With her 4-year-old son sleeping in the dressing room nearby and sound check booming on the stage above, Sleater-Kinney lead singer Corin Tucker sat down before a recent show at the Henry Fonda to discuss her bands outstanding new record, The Woods. Seven albums into their career, the Portland-based threesome the first ladies of shrill, angular post-punk have apparently discovered the deep joy of stoner rock: extended guitar solos, fuzzy blues riffs and Zeppelin-referencing monster rockers. The Woods was recorded and produced by Dave Fridmann (Flaming Lips, Delgados, Low) in his upstate New York studio and while the tremulous, high-pitched vocals and biting social commentary remain intact, theres a real sense of technical and sonic experimentation here. In fact, Sleater-Kinney have just made the most raucous and original album of their lives.
L.A. WEEKLY: Is the sound of The Woods a natural evolution, or did you set out to do something really different?
CORIN TUCKER: We definitely set out to do something different but we didnt know what that was gonna be. Wed been doing a lot of improv onstage, a lot of live jams, and that was a factor in how the sound came together . . . And we love classic rock. We were listening to tons of Cream, Led Zeppelin, Hendrix.
It seems like a lot of bands from the Northwest have that kind of background. Is that stuff you grew up listening to?
Yeah, absolutely. The spirit of that music is really important to us. Its music that was rebellious and defied everything. Thats an inspiration to us at a time when its politically very dark and frightening. And yet most of the music thats out there doesnt seem to reflect that at all.
Do you see a connection between punk rock and classic rock?
Oh, yeah. Patti Smith was a punk rocker, but the music was much more classic rock those things were tied together in New York. That whole guitar-based sound developed and went further and further into punk rock.
The guitars are so fuzzy on this record when I first heard Modern Girl, I thought my speakers were fucked up, because the fuzz actually seems to increase after the first verse.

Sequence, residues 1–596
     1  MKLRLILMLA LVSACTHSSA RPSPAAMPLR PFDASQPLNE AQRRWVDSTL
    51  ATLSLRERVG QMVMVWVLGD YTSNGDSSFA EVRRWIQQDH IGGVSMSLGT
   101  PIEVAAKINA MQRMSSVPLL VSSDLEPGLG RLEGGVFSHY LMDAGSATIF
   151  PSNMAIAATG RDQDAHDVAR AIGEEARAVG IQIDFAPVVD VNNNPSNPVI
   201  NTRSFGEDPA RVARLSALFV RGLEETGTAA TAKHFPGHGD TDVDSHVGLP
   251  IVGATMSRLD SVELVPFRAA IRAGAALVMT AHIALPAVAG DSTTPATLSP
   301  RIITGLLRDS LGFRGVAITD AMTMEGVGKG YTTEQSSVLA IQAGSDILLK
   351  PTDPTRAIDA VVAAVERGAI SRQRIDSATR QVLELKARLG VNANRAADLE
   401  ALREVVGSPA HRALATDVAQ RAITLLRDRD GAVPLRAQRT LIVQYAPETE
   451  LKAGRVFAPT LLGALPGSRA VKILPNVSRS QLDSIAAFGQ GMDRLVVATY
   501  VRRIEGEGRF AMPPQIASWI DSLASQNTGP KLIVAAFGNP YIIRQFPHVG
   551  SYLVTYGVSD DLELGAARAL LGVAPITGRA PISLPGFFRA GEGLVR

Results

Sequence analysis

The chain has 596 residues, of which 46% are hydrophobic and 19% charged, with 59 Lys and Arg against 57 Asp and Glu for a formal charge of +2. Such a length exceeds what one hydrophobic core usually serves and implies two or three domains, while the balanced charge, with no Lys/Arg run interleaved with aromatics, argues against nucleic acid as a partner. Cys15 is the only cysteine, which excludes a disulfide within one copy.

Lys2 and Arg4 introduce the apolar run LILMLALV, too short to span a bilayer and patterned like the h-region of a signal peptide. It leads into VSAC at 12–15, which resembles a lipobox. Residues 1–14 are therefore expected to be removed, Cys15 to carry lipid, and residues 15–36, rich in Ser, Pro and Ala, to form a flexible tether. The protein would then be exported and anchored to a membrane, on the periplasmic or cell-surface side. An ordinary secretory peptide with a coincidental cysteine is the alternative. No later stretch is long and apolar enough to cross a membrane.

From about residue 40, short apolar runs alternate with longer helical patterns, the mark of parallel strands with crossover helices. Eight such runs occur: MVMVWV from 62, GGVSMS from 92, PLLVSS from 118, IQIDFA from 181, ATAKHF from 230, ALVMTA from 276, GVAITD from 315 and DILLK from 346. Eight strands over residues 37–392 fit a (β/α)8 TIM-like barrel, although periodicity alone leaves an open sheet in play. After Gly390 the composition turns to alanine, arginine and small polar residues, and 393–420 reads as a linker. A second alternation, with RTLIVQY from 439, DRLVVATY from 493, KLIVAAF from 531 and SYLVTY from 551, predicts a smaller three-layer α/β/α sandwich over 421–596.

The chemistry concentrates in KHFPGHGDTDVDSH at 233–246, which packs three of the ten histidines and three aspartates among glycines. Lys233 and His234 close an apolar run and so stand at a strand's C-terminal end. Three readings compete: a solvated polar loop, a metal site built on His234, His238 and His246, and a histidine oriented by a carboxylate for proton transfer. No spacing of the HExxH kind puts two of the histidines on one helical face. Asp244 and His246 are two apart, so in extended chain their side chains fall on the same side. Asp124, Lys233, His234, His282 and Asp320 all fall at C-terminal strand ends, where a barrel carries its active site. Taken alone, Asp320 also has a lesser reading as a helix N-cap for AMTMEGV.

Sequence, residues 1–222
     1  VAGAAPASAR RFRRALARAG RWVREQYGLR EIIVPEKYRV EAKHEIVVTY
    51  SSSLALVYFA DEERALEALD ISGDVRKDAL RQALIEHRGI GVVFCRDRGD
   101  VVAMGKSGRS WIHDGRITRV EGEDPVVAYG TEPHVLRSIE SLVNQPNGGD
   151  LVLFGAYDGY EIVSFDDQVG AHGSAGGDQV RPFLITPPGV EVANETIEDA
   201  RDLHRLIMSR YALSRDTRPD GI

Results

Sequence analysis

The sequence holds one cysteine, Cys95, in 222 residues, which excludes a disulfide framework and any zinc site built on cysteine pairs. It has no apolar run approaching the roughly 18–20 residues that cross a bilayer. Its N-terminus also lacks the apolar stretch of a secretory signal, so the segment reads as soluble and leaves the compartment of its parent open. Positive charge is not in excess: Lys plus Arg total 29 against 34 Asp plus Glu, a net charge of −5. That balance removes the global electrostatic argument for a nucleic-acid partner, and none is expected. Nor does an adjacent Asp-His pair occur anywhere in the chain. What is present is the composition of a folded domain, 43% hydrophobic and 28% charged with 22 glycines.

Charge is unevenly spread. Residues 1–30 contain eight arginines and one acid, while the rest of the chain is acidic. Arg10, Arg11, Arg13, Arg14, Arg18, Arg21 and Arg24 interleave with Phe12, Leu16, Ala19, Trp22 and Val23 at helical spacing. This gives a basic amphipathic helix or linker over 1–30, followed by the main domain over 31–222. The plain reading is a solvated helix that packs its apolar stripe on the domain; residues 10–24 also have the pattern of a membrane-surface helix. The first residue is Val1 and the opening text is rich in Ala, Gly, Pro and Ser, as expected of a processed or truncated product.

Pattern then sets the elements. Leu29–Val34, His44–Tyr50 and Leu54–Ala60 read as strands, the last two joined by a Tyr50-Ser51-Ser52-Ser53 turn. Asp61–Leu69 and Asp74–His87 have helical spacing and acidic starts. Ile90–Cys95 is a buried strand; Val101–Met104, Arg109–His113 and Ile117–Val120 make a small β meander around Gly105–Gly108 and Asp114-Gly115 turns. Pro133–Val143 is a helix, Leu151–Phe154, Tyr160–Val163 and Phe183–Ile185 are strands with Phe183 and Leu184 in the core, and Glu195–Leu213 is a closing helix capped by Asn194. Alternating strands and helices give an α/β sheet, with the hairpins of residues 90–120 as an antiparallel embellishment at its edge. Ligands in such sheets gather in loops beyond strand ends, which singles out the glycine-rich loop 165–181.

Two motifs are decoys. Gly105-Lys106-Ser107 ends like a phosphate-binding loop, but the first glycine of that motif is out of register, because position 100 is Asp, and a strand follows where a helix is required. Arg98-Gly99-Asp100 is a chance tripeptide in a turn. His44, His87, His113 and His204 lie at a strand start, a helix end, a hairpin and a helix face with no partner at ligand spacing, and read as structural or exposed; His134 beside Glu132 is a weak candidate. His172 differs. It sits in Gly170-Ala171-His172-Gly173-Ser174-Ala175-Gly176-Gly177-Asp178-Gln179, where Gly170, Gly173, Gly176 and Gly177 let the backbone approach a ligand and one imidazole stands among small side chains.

Yeah, there was a lot of experimentation in the studio with guitar sounds. We went out and got a bunch of different pedals. We wanted variety. Dave loves to experiment; he wants things to be crazy-sounding. He wants people to think theres something wrong with their stereo.
Whats Jumpers about?
I wrote that song after reading an article in The New Yorker about suicides off the Golden Gate Bridge. It stayed with me for a long time. I lived in the Bay Area for a while. But on a symbolic level, the entire album is about the instability of structure, whether its political or social structures we rely on to aid in the advancement of society, or the internal structures we count on to deal with our lives. That song deals with a symbol of engineering prowess thats important both literally and in terms of its symbolic value, but its also a place of despair where people go to end their lives. In that solidity, there are cracks. [Thats what] this album is about, whether its a song structure or a character thats unstable.
Entertain seems to be a sort of statement against both nostalgia and entertainment for entertainments sake.
I think this is the fight song. Its about challenging the commercialization of indie rock, and wanting that to mean a bit more than just tearing up your clothes and being on MTV. That meant a lot to us when we started playing music, doing things in a different way that wasnt all about making money. It was about rebelling and living your life in a different way that wasnt scripted for you, challenging society, challenging politics. Its sad that we dont see that many bands like that anymore.
Do you think there is a place for entertainment for entertainments sake?
Yeah, but that kind of music doesnt have any meaning for me. I wanna fight for [music with meaning] because it basically saved our lives when we were 15. There was Sonic Youth, SST, K Records, these great groups of people that were freaks and ready to defy social norms and the ideas of how to live your life.
So youre not big fans of the current 80s-throwback trend thats going on in music?
No. Its huge, though. The most frustrating part of it is when bands imitate these great bands like Gang of Four. Theyre an incredible band and so political and such great social critics, and its frustrating to hear the imitation of their sound without any of the meaning of their music.
Do you still get asked about gender issues and being a female band in a male-dominated scene?
Id like people to let go of gender issues. I think were always three women onstage, but were also three musicians onstage. You never think about male rock bands, like, Oh, theres four guys onstage.
Did you get more of that in the past?
Definitely. But weve been here for a long time, weve done that interview, weve talked about all that. Weve fought for the perspective we have. Hey, shred the music, go ahead, but were sick of having people only write about the fact that were a female band. If youre gonna write two sentences, have it be a review. Are gender issues not issues for men? People dont pick apart things like, Oh, thats a really male lyric. Thats just seen as the norm.
Maybe men dont explore those issues as much.
How much do they write about girls, and sleeping with chicks? Thats completely a gender issue. If we write about having sex or wandering around in a seedy bar, its seen as a gender issue, because rock music is usually so male-dominated. It freaks people out. Patti Smith did that amazingly with her cover of Gloria. She turned it on its head, and suddenly she was this sexual predator. Its incredible to hear that, someone screwing with the norms. Its an exciting part of rock.
SLEATER-KINNEY | The Woods (Sub Pop)
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